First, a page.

Friday, 19 October 2018

Visit to Förskolan Tjädern (Preschool Ptarmigan)

This week I visited several preschools together with Niki Buchan and a group of fabulous educators from Great Britain. I almost wrote last week, as I feel I have done so much this week it could not possibly have fitted it all into one week.

Over time I will be sharing some of the images and my reflections of those visits, but as I head to Palestine and Israel next week my focus after this blogpost will be on my preparations for there.

Last Monday afternoon we went to Förskolan Tjädern in Haninge.
Since I had been to the Border Crossing exhibition it was very clear that this exhibition had influenced them. The preschool was spiced with nature and technology working together for the children to explore and play with.

The other main thing that struck me as I walked around the setting was the energy of the staff working there. They seemed happy and eager to share their important work with us... it is always an absolute joy to see educators being proud of their work. And so they should be. The children were all busily engaged in an array of activities.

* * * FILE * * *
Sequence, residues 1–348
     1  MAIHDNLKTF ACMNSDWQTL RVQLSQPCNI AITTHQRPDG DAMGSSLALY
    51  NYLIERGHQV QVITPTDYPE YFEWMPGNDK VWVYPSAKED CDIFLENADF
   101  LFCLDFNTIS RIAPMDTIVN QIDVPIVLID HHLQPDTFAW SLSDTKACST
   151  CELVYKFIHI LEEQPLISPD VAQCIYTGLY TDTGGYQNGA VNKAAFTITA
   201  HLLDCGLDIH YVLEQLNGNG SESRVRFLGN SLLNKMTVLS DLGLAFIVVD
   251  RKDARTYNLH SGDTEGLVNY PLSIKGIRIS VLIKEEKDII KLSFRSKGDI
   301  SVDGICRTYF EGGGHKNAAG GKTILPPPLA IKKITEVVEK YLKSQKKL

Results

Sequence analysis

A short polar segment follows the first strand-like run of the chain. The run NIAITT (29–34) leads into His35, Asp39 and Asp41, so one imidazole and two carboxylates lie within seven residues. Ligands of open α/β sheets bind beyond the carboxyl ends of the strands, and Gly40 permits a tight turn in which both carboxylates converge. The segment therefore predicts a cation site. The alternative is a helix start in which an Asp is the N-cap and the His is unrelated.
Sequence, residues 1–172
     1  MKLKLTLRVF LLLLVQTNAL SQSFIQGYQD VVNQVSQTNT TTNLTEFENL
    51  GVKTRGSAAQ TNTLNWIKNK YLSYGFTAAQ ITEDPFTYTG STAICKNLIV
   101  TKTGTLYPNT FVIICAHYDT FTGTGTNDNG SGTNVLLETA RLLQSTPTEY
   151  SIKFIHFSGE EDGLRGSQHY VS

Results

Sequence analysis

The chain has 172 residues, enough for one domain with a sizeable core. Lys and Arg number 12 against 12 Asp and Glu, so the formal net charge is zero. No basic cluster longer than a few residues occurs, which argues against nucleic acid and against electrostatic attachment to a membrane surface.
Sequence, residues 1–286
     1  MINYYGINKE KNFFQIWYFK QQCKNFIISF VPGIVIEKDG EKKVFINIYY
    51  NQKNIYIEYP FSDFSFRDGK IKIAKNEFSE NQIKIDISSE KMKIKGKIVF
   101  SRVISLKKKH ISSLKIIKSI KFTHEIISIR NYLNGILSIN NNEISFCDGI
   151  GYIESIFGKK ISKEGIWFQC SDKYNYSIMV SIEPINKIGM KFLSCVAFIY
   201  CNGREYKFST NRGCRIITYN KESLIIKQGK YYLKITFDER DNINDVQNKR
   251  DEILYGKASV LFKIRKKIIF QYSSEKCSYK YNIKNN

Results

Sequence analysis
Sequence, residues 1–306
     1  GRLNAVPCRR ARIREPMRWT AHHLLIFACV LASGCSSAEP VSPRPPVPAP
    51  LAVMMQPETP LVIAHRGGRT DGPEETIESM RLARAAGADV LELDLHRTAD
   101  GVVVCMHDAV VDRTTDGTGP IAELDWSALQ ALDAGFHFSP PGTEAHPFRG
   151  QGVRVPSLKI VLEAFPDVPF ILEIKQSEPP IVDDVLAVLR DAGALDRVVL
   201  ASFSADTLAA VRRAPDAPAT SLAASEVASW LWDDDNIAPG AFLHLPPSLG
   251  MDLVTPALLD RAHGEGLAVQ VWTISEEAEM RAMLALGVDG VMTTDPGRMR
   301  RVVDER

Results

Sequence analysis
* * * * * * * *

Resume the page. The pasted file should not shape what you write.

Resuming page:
The photos I share below may look like the preschool was empty, but I was cleverly trying to avoid having children in the frame...

as you can see in just about every room the children had access to natural materials to explore and play with, and in different ways... you felt the hundred languages... not one way to explore nature

furniture was customised to meet the needs of the preschool and to support the play and learning. A small raised surface to build on allows the pieces to remain and the floors still to be cleaned, and at the same time makes it easy for several children to reach and interact on. And for the youngest children I wonderful platform to sit on and build, or crawl over or jump off (if no others are using it to build on) it is a suitable risk for one year olds. No danger, but the wonderful tickle of excitement if jumping off when new at jumping.